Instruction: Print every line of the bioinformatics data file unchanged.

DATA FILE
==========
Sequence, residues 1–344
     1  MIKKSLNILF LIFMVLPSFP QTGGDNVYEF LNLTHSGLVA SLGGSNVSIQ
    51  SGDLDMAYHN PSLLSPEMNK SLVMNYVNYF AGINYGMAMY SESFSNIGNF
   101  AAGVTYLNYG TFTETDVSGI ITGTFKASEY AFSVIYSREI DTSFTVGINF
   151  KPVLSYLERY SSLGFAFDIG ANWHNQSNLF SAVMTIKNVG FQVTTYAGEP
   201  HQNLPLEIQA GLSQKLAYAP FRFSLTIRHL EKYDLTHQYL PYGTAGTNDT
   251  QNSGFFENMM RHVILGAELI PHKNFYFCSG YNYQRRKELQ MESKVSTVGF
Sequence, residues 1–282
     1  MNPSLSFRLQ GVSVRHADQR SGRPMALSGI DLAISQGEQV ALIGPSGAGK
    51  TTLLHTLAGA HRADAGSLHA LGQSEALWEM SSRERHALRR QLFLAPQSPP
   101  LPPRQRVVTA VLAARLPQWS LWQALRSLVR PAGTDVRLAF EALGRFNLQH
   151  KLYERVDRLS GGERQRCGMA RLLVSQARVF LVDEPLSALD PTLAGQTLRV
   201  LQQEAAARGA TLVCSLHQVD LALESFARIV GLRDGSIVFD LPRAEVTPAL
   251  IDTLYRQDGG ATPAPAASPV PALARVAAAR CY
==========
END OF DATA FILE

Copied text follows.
Sequence, residues 1–344
     1  MIKKSLNILF LIFMVLPSFP QTGGDNVYEF LNLTHSGLVA SLGGSNVSIQ
    51  SGDLDMAYHN PSLLSPEMNK SLVMNYVNYF AGINYGMAMY SESFSNIGNF
   101  AAGVTYLNYG TFTETDVSGI ITGTFKASEY AFSVIYSREI DTSFTVGINF
   151  KPVLSYLERY SSLGFAFDIG ANWHNQSNLF SAVMTIKNVG FQVTTYAGEP
   201  HQNLPLEIQA GLSQKLAYAP FRFSLTIRHL EKYDLTHQYL PYGTAGTNDT
   251  QNSGFFENMM RHVILGAELI PHKNFYFCSG YNYQRRKELQ MESKVSTVGF
Sequence, residues 1–282
     1  MNPSLSFRLQ GVSVRHADQR SGRPMALSGI DLAISQGEQV ALIGPSGAGK
    51  TTLLHTLAGA HRADAGSLHA LGQSEALWEM SSRERHALRR QLFLAPQSPP
   101  LPPRQRVVTA VLAARLPQWS LWQALRSLVR PAGTDVRLAF EALGRFNLQH
   151  KLYERVDRLS GGERQRCGMA RLLVSQARVF LVDEPLSALD PTLAGQTLRV
   201  LQQEAAARGA TLVCSLHQVD LALESFARIV GLRDGSIVFD LPRAEVTPAL
   251  IDTLYRQDGG ATPAPAASPV PALARVAAAR CY